With Speaker’s election today, and Uddhav’s Sena issuing whip to MLAs to vote for their candidate, clash between rival factions is set to get uglier
Rebel MLAs arrive at the Mumbai airport on Saturday. Pic/Satej Shinde
Yet another political chapter will unfold on Sunday when the Bharatiya Janata Party-Shinde Sena combine fights it out against the Maha Vikas Aghadi for the Assembly speaker’s post. The election, scheduled to be held on the floor of the House, which will sit in a special session, has already been mired in legality because the Uddhav Thackeray-led Shiv Sena has issued a whip to all its 55 MLAs, including rebels, to vote for their candidate Rajan Salvi.
The BJP has fielded a lawyer cum law maker Rahul Narvekar for the speaker’s post. In addition to its own MLAs and independents, the BJP is banking on the 39 Sena rebel MLAs, who have claimed to be the original Shiv Sena legislative party. The Shinde Sena hadn’t issued a whip till Saturday evening, but it was very clear it wanted the 16 MLAs in the Uddhav camp to vote for Narvekar or else face action. It remains to be seen whether the polling will be open or if there would be a secret ballot for both speaker’s poll and majority vote. Whips to be issued by all recognised parties apply to the participants of both events. Independents act on their own.
This will boil down to two opposite whips, and in case of violation, both groups will initiate action against each other. Since there’s no amicable solution in sight, the observers are waiting for yet another miracle to happen because there has been no dearth of shockers ever since the rebellion broke out in the Shiv Sena ranks 11 days ago.
The Shinde group’s move to get recognition as a separate group has already been challenged in the Supreme Court. Sixteen rebels have been served disqualification notice, which is also being heard by the apex court. The Sena had petitioned the SC to stall the Shinde Sarkar’s trust vote to be held in a special session. The SC has decided to hear all cases on July 11. Till then, a status quo prevails, with both sides, then in the government and Opposition, making legal moves, playing a tactical game to garner support in the 288-member House which has one vacancy. Of the total votes polled, the government needs 144 to survive, but it will be cranky and unstable in view of a small margin between a majority and minority. A bigger number is always safe. The MVA claimed it had 170 when it came to power in 2019. Shinde claimed after taking oath that his number will cross that of MVA’s previous count.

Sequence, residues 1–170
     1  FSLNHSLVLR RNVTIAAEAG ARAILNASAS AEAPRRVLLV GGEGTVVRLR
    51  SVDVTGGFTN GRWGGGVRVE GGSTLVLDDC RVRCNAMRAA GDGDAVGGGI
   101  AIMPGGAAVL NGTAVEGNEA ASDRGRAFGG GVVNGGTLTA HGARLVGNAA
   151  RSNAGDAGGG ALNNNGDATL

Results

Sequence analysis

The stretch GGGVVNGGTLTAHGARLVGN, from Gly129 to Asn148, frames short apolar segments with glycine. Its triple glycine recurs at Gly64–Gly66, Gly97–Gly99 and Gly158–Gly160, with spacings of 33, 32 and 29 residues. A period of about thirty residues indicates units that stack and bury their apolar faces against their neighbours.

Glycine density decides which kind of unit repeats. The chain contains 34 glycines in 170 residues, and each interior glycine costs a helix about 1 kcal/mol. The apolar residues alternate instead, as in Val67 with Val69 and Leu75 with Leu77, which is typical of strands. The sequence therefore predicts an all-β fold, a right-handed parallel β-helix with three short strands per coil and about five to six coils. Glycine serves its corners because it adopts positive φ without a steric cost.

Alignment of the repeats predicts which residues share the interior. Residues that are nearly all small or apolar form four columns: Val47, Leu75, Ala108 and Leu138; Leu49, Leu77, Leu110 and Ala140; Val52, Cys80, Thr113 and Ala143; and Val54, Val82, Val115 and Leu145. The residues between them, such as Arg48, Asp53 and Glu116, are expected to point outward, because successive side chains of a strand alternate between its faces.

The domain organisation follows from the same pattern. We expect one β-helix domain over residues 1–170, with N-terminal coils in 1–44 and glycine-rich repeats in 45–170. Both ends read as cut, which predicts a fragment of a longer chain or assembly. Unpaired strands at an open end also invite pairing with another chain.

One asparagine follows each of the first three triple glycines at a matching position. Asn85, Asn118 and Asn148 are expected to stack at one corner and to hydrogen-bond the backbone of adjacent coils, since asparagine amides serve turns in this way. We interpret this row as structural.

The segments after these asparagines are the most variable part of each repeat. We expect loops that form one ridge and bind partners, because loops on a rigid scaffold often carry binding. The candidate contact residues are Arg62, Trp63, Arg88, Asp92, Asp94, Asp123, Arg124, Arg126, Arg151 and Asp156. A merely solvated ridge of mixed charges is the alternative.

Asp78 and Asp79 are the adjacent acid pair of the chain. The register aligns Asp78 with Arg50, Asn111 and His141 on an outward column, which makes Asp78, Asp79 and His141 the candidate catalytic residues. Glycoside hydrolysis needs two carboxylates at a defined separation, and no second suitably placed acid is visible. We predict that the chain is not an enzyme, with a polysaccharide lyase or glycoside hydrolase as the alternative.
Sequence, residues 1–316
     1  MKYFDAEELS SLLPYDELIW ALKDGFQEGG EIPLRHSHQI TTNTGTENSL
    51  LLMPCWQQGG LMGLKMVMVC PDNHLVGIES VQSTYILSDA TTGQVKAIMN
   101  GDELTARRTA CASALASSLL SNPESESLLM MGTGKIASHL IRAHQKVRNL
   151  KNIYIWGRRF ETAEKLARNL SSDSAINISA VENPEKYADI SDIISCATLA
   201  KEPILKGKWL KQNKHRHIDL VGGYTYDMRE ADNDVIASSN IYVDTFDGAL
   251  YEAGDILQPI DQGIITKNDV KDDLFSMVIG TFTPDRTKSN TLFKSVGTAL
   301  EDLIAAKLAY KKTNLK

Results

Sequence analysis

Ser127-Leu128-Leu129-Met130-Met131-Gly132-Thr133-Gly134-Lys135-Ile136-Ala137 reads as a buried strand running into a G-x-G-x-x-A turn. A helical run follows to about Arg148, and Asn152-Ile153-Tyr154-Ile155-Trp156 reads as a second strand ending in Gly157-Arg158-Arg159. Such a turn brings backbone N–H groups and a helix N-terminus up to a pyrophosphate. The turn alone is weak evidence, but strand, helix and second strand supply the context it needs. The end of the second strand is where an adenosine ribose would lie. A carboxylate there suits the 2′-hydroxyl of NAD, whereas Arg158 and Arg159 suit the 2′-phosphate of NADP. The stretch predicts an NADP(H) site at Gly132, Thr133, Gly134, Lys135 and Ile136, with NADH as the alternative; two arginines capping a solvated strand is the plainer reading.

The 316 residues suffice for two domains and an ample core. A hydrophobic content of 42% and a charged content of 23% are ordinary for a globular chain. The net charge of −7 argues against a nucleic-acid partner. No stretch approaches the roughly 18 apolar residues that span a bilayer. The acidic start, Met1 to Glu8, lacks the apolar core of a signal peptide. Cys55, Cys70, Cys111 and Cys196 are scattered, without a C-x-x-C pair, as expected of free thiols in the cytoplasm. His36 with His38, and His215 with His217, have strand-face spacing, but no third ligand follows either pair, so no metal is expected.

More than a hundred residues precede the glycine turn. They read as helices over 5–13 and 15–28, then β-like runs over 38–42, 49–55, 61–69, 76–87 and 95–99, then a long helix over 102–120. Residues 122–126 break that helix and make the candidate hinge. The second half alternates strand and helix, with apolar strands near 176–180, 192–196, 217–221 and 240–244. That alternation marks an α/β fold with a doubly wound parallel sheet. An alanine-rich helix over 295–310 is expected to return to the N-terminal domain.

Sena candidate Salvi told reporters that the whip of the Thackeray Sena will apply to all 55, rebels included, and the violators will face disqualification proceedings. The Shinde Sena spokesperson Deepak Kesarkar said it was the other way around because theirs was the real Sena. The rebels arrived in Mumbai from Goa on Saturday night and moved into Taj President where all MLAs supporting the new government were to be addressed by CM Shinde and deputy CM Devendra Fadnavis.
The Shinde Sena said it would legally counter their leader’s (Shinde) removal from the party office bearer’s post. A letter sacking Shinde was sent Friday night. “It is illegal. Since the letter is legal in its language, we will take a similar approach to counter it,” added Kesarkar.
Fearing further poaching and hijacking of the party’s election symbol, the Shiv Sena has asked its office bearers, elected representatives and shakha pramukh to furnish an individual affidavit pledging support to the top leadership. Compilation of these documents will prove handy in the court and before the Election Commission of India, said a person in the know.
If his group gets recognised as a separate group and does not require to merge with any other party, the Shinde group’s next plan would be to approach the Election Commission of India, said a source. However, since all aspects that precede further moves in this regard, are now disputed, a clash between the legislature and judiciary is imminent, because whoever loses in the House in the next two days, will bang on the Supreme Court’s doors.